Whether buying value-added wraps, bows and gift bags or trading up to higher- price-point decorative choices, today's consumers expect convenience and wide gift-wrap assortments at supermarkets, said retailers. Gift-wrap racks account for 3% to 8% of supermarket greeting-card volume, according to various sources.

Most retailers said they are expanding gift-wrap space in greeting cards, on seasonal sets and endcaps, and cross merchandising products in wine and bakery areas. Food-channel retailers on average devote 4, 8 and in some instances up to 16 feet of space to wraps and bags, according to buyers and vendors.

With social-expression departments generating 30% to 50% margins, Supervalu retailers are making an effort to squeeze out additional space, said the nonfood source at the wholesaler, who asked to remain anonymous.

As 450 retailers serviced by Supervalu's Midwest Region in Pleasant Prairie, Wis., expand their seasonal aisles and floral sections, "it will open up new cross-merchandising opportunities for secondary gift-wrap displays with $2 to $3 rings," said the wholesaler.

The typical gift-wrap consumer is about 40 years old, much younger than prime greeting-card customers, according to Lisa Egensperger, gift-wrap product manager at American Greetings. The pace of today's lifestyles has shifted the type of gift-wrap purchases to more convenience products, said Egensperger. "Yet

the consumer doesn't want to compromise style," she added.

"Supermarkets are much more forward-thinking than 10 years ago, offering fine wines and top-of-the-line colognes. There's no reason that customers shouldn't expect to find beautiful gift wraps as well," said Woellner-Krupp of Gibson.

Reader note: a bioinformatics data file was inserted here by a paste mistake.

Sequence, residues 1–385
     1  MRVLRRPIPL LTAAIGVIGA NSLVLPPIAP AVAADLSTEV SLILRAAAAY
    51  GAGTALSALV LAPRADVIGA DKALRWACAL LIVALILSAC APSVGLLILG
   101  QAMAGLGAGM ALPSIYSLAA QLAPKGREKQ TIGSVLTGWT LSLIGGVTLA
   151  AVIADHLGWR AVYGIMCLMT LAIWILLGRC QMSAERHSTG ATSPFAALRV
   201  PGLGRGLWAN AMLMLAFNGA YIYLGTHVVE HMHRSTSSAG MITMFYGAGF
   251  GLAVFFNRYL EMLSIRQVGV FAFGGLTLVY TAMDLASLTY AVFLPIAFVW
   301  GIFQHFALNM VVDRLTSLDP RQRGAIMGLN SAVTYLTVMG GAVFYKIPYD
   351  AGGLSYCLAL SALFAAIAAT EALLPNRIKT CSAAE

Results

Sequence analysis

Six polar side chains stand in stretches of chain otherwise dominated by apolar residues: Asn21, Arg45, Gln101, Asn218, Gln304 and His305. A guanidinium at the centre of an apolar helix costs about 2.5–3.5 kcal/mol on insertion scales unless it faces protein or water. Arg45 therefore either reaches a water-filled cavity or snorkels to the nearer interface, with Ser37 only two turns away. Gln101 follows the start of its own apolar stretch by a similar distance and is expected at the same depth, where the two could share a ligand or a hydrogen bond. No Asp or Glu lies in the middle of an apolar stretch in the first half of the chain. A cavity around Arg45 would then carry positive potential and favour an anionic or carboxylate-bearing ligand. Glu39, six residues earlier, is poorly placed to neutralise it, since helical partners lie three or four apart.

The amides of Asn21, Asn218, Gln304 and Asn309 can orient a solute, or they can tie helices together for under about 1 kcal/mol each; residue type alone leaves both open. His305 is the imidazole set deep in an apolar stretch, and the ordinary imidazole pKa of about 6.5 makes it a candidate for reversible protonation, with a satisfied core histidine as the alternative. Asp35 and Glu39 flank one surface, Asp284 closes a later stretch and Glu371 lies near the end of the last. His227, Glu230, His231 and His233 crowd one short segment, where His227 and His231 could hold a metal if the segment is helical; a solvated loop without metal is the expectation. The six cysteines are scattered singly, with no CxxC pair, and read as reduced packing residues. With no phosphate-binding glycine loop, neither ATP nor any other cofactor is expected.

She pointed out that the quality of gift wraps now sold in supermarkets used to be available mostly through department stores.

An indication that shoppers want convenience in the category is the increase in gift-bag sales, which is projected to grow at an annual rate of 6%, according to Gibson research.

"People want interesting designs like textured bags and styles with applications and different handles in a standard 8-inch by 10-inch size," Woellner-Krupp said.

She said retailers generally price gift bags overall from 99 cents for a value-added bag up to $3.99 for a standard size, and up to $5.99 for larger shopping bags, a size that's growing in demand due to larger gifts, the manufacturer said.

Interest in gift bags is soaring, said Ray Wallace, the nonfood director at Cub Foods' Georgia division, Lithia Springs, Ga.

"People use gift bags more frequently than ever. They'll stick a wine bottle into a small bag with some tissue paper," he said. More stores, therefore, are cross promoting them in other sections, he added.

Cub displays its gift wraps, including bows and bags, in 12 feet of space. Priced between $3 and $5, the bags are cross promoted on shadow boxes and racks in the wine department.

At American Greetings, decorative gift bags now account for about 30% of core gift-wrap purchases, compared with 8% in 1989, said Egensperger.

Gerland's Food Fair, Houston, cross displays its Expressions From Hallmark gift wraps in other departments such as the wine shop to trigger impulse sales, said Alex von Sehrwald, nonfood director. "Gift wraps are very seasonal, especially at Mother's Day and Valentine's Day and the fourth quarter," said von Sehrwald.

The seasonal aisle is becoming a much more strategic location for cross merchandising gift wraps. "More Christmas gift wraps are outposted away from the main-line department," said Tina Howard, Ambassador's marketing strategist for seasonal gift wraps.

Howard said the gift-bag mix was expanded with a snowman bag with a raised pom-pom hat priced at $2.79 to $3.49, an interactive Barbie dream house with doors that open for $3.59, and ethnically themed gift bags with scenes of children playing and Christmas icons.